MSC finalises work on joint SOLAS/MARPOL sampling guidelines

The Maritime Safety Committee (MSC) has approved draft MSC-MEPC guidelines for drawing a statutory sample of oil-based fuels delivered for use on board ships. The sample is only to be used by relevant authorities to check for compliance with relevant flashpoint and/or sulphur limits under SOLAS chapter II-2 and MARPOL Annex VI.

The purpose of the joint SOLAS/MARPOL sampling guidelines is to create a single sampling process for both conventions. The guidelines were developed in the MSC correspondence group (CG) on fuel oil safety, using resolution MEPC.176(58) – the 2009 sampling guidelines for the delivered MARPOL sample – as the base document. The CG, which IBIA took active part in, considered which changes and additions were needed to make the guidelines fit for collecting a joint sample that can be used to determine either flashpoint, or sulphur, or both.

After carefully studying the draft from the CG that was sent to MSC for approval, IBIA proposed some additional changes.

In one document, MSC 107/6/5, we put forward a carefully crafted argument for taking into account safety, practicality and alignment with established industry practice by showing more flexibility on the sampling location. The 2009 MARPOL sampling guidelines in resolution MEPC.176(58) state that the sample should be drawn at the bunker manifold of the receiving ship. IBIA argued that the bunker tanker outlet manifold would often be a more logical sampling location and that bunker tanker crew have greater experience in drawing samples, hence the sampling location should be agreed in accordance with local conditions and regulations.

IBIA’s proposal received some support that the sampling location should allow enough flexibility, and in particular that weather conditions, physical limitations and safety of personnel during the sampling process should be taken into account. However, a majority of those that spoke did not want to reopen the discussion and wanted to retain the original provision regarding the sampling location. IBIA’s Director and IMO Representative Unni Einemo expressed disappointment that the IMO would not allow the same flexibility regarding sampling location as that provided in ISO 13739:2020, procedures for the transfer of petroleum products to ships, and that the professionalism of the bunker industry was not fully taken into account.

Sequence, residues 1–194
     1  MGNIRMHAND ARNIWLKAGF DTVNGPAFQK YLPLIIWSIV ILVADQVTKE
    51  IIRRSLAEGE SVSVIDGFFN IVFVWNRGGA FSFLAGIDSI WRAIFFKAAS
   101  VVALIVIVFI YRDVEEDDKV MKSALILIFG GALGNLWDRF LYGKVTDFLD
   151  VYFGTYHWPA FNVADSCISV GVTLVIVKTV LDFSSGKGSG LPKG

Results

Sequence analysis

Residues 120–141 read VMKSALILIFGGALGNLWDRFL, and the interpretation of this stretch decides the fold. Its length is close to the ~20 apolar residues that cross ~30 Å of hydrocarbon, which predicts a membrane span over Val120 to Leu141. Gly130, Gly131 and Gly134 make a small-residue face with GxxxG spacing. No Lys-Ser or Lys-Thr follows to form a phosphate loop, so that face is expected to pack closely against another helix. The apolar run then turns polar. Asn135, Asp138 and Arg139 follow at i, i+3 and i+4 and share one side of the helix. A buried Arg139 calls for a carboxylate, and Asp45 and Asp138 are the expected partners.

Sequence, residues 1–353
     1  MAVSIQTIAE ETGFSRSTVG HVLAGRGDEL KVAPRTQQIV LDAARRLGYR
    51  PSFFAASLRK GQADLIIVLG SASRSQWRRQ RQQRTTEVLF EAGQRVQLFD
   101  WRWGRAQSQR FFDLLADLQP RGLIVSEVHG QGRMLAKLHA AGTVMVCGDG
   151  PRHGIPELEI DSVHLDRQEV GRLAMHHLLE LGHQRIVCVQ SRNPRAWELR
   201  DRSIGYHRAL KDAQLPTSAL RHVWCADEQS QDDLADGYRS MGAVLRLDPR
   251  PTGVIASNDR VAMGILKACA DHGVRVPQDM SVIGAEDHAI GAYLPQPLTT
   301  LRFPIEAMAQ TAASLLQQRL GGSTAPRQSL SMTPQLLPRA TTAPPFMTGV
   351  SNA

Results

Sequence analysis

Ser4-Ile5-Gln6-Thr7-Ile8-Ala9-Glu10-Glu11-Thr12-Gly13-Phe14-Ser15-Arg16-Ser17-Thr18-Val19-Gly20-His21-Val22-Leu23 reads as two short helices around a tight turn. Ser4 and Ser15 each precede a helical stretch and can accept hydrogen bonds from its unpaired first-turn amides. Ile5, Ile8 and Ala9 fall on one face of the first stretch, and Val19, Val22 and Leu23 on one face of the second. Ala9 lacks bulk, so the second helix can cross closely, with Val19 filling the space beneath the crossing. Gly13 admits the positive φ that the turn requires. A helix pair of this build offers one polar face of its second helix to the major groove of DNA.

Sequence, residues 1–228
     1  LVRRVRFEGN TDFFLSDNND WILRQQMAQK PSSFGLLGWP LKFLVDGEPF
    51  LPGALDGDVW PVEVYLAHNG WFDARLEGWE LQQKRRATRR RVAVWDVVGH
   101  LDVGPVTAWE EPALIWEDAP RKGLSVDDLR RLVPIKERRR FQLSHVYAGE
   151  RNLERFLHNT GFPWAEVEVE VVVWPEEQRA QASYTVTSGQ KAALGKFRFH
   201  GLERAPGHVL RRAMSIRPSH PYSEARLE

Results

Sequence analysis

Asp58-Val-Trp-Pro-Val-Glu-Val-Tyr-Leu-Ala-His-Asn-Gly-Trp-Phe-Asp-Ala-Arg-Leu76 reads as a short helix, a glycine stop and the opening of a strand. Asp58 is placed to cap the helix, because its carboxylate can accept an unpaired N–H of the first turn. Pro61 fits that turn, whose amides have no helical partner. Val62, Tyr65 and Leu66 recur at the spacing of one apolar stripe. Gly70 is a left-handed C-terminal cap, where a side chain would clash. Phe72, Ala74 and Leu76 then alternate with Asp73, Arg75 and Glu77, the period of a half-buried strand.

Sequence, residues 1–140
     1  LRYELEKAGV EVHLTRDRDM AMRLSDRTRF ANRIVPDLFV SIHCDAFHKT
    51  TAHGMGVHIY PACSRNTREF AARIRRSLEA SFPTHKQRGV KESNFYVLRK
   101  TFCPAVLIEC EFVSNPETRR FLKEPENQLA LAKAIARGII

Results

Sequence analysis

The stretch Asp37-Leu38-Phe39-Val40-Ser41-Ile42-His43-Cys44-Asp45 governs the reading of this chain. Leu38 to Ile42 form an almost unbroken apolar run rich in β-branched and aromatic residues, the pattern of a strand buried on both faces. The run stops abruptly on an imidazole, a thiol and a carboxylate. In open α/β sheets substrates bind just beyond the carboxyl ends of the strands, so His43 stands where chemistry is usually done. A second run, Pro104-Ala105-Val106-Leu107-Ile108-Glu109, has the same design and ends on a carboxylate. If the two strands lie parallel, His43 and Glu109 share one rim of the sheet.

The final draft MSC-MEPC guidelines from MSC 107 state that the primary sample should be drawn at the bunker manifold of the receiving ship, witnessed by representatives for the receiving ship and supplier or by a surveyor acting on their behalf. It does, however, state that “Samples should be taken in a safe manner under all circumstances.”

IBIA also proposed modifications to the draft MSC-MEPC sampling guidelines to reflect practical considerations regarding sample integrity and sample bottle size in MSC 107/6/3. Here, MSC delegates chose to ignore our advice that there was not need to increase the sample size from 400 ml, but took onboard our proposal to include text about avoiding contamination of the sample with low flashpoint solvents used to clean the sampling equipment.

The draft guidelines now call for a minimum sample size of 600 ml. A section on sampling and sample integrity advises that attention should be given to “the cleanliness and dryness of the sampler and the primary sample container prior to use,” with the addition proposed by IBIA that “there should be no traces of low-flashpoint solvents used to clean the equipment as this can contaminate the sample.”

IBIA was also instrumental in drafting a new section of the draft guidelines on “Procedures and documentation following testing of retained sample”, bearing in mind that the ship’s statutory sample may be required for flashpoint testing shortly after delivery. The remaining sample would then need to be resealed to be available in the event a relevant authority later wants to test the sample for sulphur.

The draft joint MSC-MEPC circular on the sampling guidelines approved at MSC 107 in early June 2023 is subject to concurrent approval by the Marine Environment Protection Committee (MEPC). IBIA understands that it will be presented to MEPC 81 in the spring of 2024 for approval.

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